“The strength of the U.S. economic recovery has tested the near-term capacity of our supply chains, and the Administration is operating on all fronts to ease bottlenecks and facilitate the flow of goods across the country,” said NEC Director Brian Deese. “Our country’s ports are the gateways for getting goods to market, which makes the appointment of John Porcari as Ports Envoy an especially important step forward in alleviating these disruptions that are impacting consumers, workers, and businesses alike.”

Since the launch of the Task Force, Secretary Buttigieg and the Department of Transportation have been engaged in extensive outreach and engagement with port stakeholders including virtual round table held in July with representatives of all aspects of the ports’ supply chain. Out of this work, it has become clear that the challenges at our ports, some of which have existed for years, require dedicated focus by experienced, senior leadership to drive toward outcomes that will reduce congestion, improve operations and set us on a sustainable path for the future. John Porcari is uniquely qualified to take on this role.

Envoy Porcari will work closely with Secretary Buttigieg and his team at the Department of Transportation as well as the National Economic Council to address the congestion at U.S. ports. Disruptions in global shipping and rapid shifts in demand have led the cost of shipping containers between China and the West Coast to grow more than 90% compared to 2019. This congestion is being felt particularly acutely at the Ports of Los Angeles and Long Beach, which together handle the largest share of containerized cargo moving through U.S. ports. Port workers and terminals have handled containerized cargo volumes that rose 40% in the first half of this year compared to the same time last year. Envoy Porcari will work with these stakeholder and others at the ports to address the backlog and associated delivery delays and product shortages being experienced by American consumers and businesses.

In addition, to Porcari’s work, the Biden Administration has negotiated an historic $17 billion in investments in port infrastructure as part of the Bipartisan Infrastructure Deal. The funding would help address congestion and supply chains over time by investing in repair and maintenance backlogs and reduce congestion and emissions near ports.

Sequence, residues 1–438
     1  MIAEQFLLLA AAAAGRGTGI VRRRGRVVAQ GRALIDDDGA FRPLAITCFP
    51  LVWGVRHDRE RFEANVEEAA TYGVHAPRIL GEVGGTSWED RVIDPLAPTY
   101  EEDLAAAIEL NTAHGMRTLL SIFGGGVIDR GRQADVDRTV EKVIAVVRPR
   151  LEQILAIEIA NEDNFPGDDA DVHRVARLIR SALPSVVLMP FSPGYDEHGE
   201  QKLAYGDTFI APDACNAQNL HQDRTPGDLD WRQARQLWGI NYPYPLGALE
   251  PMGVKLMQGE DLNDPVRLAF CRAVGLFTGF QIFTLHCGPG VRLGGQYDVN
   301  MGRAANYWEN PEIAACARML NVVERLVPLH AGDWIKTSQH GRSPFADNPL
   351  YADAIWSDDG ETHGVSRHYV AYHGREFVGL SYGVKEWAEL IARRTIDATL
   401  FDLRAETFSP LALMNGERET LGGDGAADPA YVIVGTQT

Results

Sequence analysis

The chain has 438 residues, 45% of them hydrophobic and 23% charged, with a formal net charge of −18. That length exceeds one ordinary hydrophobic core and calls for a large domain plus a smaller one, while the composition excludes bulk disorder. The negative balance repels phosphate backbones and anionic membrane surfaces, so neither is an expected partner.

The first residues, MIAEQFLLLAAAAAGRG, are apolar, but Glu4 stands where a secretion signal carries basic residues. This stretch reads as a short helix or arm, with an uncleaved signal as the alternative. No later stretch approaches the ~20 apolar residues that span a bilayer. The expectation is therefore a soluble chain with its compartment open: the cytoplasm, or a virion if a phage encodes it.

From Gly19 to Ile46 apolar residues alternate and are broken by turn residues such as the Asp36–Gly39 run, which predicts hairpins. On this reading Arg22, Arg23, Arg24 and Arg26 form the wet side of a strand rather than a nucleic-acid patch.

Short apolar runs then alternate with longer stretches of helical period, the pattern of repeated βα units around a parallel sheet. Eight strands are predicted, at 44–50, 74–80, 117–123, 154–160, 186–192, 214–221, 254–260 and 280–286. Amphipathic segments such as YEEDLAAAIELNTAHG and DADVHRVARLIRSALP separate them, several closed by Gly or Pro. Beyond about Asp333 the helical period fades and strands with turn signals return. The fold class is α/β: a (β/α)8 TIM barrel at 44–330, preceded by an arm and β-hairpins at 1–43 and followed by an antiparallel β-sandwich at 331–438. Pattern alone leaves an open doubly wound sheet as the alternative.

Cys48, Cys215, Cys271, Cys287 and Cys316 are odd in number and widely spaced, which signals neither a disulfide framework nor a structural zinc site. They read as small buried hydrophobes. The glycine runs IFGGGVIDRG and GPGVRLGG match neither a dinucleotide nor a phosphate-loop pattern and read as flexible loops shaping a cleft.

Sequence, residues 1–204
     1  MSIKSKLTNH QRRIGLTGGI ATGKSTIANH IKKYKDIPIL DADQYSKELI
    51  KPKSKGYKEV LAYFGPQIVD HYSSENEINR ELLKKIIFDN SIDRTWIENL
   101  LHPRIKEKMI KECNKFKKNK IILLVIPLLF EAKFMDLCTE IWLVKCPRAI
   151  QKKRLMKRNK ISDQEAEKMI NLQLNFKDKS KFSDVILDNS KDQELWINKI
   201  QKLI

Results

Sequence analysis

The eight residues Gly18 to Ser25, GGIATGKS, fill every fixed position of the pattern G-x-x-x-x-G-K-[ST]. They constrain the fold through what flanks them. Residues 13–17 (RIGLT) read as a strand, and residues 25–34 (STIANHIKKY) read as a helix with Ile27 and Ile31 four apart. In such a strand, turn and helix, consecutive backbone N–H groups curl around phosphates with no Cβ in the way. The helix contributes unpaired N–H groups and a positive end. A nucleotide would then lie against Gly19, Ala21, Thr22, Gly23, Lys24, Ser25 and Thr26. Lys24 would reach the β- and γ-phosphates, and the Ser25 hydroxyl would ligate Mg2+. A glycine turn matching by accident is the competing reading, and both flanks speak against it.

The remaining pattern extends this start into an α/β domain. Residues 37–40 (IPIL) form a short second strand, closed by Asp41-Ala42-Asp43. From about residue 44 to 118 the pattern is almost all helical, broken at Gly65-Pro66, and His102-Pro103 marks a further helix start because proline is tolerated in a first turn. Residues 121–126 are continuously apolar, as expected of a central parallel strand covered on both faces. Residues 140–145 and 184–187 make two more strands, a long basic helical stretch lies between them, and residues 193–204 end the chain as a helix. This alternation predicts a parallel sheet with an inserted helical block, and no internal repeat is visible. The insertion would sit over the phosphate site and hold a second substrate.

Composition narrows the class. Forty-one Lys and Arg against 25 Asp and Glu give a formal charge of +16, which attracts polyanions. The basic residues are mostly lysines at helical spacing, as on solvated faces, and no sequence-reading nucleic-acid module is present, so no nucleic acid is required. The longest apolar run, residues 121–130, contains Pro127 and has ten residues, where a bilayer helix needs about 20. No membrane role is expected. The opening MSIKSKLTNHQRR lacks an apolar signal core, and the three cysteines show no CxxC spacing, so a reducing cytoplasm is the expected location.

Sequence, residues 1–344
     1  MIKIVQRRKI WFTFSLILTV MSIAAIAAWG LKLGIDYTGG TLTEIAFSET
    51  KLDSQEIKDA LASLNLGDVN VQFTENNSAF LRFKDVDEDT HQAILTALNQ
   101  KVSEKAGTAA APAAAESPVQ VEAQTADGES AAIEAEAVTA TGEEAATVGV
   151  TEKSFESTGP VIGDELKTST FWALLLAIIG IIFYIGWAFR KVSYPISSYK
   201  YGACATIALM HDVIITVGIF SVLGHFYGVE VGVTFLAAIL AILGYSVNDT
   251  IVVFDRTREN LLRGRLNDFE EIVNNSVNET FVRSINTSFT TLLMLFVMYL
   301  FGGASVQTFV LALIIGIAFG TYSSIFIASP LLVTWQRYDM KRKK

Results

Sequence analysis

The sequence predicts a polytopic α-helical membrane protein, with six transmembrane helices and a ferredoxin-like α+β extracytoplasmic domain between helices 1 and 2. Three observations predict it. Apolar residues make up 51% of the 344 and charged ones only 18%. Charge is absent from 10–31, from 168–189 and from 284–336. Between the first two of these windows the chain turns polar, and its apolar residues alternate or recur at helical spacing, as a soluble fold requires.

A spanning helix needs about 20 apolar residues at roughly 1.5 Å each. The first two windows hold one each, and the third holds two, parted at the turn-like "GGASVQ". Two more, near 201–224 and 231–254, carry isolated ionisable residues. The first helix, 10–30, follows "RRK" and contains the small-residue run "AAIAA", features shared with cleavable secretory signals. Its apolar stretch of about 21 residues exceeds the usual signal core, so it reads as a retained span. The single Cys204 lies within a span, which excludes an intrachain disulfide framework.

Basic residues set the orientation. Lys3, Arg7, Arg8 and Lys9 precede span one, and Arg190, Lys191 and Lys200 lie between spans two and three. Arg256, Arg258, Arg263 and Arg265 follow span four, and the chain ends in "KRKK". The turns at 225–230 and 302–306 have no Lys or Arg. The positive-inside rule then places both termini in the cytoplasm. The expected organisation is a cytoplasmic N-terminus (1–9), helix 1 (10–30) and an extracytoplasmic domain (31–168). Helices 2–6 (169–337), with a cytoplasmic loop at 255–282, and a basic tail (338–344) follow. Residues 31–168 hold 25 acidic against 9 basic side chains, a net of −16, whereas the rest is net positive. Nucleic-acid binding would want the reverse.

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John D. Porcari, Port Envoy to the White House Supply Chain Disruptions Task Force, Department of Transportation


John D. Porcari is a nationally recognized public and private sector infrastructure leader, who has delivered some of America’s most challenging projects and driven the adoption of equitable, community-serving infrastructure policies and projects at the local, state and federal levels.

As Deputy Secretary and Chief Operating Officer of the Department of Transportation in the Obama-Biden administration (2009-2014), Porcari was directly involved in overseeing port, intermodal, maritime policy and maritime-related competitive grant programs throughout the United States.

In a previous role, serving twice as Secretary of Transportation for the State of Maryland and Chairman of the Maryland Port Commission (1999-2003 and 2006-2009), Porcari initiated a strategic plan for the Port of Baltimore that built it into the largest ro/ro (roll on/roll off) port in the nation, exporting construction and agricultural machinery from the Midwest to the world and growing the port into one of the nation’s top ten in terms of both dollar value and tonnage.

Under Porcari’s leadership, the Port of Baltimore also entered into a pioneering public-private partnership to expand its Seagirt container terminal, adding a fourth, 50-foot container berth and state of the art cranes to accommodate the newest super-post-panamax container vessels. This 50-year, $1.3 billion dollar P3, with the strong support of labor, has become a national model.